These facts set them apart from other contemporary expeditions, most notably those of Zebulon Pike, which made no new scientific discoveries. There is a reason that such wonderful, Enlightenment-influenced scientific work was possible on the Voyage of Discovery - and that reason was Meriwether Lewis. If not for Lewis' incredible intelligence, background knowledge of the rudimentary science of his day, powers of observation and his ability to apply this knowledge in the field, the significance of the Lewis and Clark Expedition would be greatly diminished. It was Lewis alone of the expedition members who stood closest to being a man of science, both during and after the expedition. On February 27, 1803, President Jefferson confided in a letter to Benjamin Smith Barton, a physician and naturalist at the University of Pennsylvania, why he chose Lewis to head the expedition, saying that "It was impossible to find a character who to a compleat science in botany, natural history, mineralogy & astronomy, joined the firmness of constitution & character, prudence, habits adopted to the woods, & a familiarity with the Indian manners & character, requisite for this undertaking. . . . Altho' no regular botanist he possesses a remarkable store of accurate observation on all the subjects of the three kingdoms, & will therefore readily single out whatever presents itself new to him in either." Jefferson ended his letter by asking Barton to train Lewis, and continued: "I make no apology for this trouble, because I know that the same wish to promote science which has induced me to bring forward this proposition, will induce you to aid in promoting it." Jefferson wrote similar letters to the other prominent American scientists of the day: Andrew Ellicott, Robert Patterson, Caspar Wistar and Dr. Benjamin Rush. The deaths of Benjamin Franklin and David Rittenhouse left these five men, along with Jefferson, as the leaders of the American Philosophical Society in Philadelphia, the primary scientific society in America at that time.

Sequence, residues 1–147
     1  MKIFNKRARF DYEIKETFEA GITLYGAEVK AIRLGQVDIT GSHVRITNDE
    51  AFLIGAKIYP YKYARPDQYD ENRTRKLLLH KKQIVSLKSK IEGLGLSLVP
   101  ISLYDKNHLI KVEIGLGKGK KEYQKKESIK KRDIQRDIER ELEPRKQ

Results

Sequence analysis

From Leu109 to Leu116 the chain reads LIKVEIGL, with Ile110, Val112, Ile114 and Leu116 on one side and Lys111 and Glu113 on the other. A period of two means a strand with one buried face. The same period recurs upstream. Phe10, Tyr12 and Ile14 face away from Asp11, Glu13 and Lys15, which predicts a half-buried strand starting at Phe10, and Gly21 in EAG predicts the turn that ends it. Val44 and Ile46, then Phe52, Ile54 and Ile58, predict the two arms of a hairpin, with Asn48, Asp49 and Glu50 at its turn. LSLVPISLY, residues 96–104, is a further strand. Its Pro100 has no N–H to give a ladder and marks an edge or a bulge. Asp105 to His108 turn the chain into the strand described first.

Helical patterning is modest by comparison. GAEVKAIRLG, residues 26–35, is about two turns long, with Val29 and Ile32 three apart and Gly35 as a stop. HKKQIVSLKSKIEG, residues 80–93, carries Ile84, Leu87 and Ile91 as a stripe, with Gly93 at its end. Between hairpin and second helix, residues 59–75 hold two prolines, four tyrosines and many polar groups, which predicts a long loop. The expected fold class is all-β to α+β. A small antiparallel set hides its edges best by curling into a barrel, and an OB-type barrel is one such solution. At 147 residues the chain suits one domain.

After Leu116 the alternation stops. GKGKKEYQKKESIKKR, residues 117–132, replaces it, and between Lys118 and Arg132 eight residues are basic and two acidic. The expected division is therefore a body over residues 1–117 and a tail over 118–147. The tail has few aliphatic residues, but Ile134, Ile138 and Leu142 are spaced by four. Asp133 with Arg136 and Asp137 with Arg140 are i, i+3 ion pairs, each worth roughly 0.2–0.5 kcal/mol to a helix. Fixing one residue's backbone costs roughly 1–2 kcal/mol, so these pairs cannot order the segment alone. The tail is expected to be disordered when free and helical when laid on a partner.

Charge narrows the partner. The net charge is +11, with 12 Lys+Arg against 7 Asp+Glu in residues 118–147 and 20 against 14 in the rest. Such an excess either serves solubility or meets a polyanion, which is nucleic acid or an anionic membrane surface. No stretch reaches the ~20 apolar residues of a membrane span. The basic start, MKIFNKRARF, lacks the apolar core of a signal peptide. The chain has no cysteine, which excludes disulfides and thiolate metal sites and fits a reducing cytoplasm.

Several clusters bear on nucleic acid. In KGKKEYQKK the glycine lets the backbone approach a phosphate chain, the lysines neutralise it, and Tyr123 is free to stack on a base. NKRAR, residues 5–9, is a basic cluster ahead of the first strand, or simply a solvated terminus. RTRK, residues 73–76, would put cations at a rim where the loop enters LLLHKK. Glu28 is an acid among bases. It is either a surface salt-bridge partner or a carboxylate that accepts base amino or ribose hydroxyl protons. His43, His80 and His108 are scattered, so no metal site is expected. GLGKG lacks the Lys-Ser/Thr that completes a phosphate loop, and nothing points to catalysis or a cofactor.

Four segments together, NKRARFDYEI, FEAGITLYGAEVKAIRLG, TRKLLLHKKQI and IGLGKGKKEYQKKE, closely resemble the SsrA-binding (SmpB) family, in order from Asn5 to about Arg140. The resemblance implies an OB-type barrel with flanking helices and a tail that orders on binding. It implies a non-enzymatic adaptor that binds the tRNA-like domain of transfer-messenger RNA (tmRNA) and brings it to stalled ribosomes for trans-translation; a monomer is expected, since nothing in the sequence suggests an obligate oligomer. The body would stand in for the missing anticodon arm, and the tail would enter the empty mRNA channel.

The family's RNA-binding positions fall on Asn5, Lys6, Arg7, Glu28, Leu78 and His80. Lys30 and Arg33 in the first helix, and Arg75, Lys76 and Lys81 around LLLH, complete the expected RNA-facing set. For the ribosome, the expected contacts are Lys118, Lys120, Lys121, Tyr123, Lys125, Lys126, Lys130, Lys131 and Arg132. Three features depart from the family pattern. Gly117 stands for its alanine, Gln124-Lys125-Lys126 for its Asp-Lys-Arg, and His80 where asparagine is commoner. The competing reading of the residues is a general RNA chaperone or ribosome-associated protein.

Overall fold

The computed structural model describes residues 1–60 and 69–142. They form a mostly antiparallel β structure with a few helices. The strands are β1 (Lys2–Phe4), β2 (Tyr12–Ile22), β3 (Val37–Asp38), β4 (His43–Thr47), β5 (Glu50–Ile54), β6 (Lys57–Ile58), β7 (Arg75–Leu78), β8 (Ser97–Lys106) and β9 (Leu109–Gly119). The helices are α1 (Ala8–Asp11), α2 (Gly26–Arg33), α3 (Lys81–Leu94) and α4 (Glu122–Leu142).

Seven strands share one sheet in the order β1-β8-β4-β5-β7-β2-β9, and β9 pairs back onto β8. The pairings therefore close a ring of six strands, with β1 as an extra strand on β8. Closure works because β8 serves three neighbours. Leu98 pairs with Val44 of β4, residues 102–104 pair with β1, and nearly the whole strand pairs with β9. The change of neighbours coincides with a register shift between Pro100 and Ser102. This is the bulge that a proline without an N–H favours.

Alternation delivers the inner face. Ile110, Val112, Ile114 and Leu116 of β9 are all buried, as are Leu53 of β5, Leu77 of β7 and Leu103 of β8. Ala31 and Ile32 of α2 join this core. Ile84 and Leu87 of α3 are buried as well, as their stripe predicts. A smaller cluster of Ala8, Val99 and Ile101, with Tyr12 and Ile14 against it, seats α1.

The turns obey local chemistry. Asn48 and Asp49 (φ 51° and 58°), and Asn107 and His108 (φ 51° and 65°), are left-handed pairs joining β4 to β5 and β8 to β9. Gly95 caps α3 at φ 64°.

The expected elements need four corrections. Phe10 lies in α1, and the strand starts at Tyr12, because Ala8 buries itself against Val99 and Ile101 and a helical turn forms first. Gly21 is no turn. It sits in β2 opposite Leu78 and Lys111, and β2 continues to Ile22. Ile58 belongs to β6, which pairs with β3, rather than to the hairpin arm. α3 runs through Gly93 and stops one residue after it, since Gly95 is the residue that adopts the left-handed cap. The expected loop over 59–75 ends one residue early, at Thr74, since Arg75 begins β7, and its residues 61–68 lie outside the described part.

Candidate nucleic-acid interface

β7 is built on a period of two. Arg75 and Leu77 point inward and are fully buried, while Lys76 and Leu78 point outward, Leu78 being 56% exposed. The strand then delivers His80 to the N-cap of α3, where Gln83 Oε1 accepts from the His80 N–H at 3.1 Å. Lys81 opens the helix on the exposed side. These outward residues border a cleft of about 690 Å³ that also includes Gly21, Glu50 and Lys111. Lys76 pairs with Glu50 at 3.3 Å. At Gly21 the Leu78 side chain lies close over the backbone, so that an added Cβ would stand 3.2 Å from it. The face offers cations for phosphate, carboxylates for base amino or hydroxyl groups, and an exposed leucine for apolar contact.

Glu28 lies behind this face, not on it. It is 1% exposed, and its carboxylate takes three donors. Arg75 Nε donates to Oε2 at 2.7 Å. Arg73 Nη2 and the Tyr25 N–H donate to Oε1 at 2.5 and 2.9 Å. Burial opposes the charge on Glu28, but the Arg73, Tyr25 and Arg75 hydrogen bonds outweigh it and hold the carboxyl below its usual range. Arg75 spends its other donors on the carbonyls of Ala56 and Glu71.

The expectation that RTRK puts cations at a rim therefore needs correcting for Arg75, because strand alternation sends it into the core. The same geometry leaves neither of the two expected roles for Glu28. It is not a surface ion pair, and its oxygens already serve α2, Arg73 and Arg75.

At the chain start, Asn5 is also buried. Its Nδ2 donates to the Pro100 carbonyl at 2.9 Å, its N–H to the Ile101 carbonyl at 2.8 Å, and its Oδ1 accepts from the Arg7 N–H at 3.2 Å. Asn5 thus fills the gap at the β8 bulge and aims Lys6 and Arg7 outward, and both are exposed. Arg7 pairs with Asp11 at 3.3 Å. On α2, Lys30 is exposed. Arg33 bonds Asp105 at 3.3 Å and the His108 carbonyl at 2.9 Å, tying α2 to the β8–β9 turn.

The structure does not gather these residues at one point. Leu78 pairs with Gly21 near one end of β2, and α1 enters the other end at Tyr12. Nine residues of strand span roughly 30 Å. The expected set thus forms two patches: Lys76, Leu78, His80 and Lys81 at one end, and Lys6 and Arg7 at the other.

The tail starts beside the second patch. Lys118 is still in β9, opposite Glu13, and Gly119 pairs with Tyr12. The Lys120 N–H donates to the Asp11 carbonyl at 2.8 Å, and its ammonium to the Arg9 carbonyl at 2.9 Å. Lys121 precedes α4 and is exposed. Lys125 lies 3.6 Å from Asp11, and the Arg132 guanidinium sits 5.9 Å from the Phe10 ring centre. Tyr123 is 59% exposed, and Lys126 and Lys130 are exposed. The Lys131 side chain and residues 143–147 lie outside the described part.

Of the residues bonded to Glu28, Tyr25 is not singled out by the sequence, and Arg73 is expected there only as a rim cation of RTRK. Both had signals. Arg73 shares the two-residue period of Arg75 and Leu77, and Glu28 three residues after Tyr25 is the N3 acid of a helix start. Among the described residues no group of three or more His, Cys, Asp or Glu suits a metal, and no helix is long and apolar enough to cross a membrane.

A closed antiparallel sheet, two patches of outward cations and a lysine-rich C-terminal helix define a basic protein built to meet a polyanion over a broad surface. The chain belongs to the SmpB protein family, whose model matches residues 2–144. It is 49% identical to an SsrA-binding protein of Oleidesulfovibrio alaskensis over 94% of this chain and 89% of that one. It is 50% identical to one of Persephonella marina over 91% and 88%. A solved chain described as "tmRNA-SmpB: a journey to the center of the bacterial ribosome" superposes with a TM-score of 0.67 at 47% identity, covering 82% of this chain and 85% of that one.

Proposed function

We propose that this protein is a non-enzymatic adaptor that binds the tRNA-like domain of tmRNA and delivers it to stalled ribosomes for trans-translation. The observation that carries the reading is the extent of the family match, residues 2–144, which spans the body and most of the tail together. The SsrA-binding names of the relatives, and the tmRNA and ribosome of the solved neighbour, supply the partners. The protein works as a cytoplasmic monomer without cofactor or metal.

In 1803 Lewis traveled to Philadelphia to study with Dr. Barton, a professor of botany at the University of Pennsylvania, who instructed Lewis in botany and zoology. Barton was the first professor of natural sciences in the United States and wrote the first U.S. textbook on botany. It is not known whether it was Barton or Jefferson who taught Lewis how to prepare and label plant and animal specimens; either was capable of doing so. Lewis took 10 or 12 natural science reference books with him all the way to the Pacific Ocean and back, including Barton's botany textbook.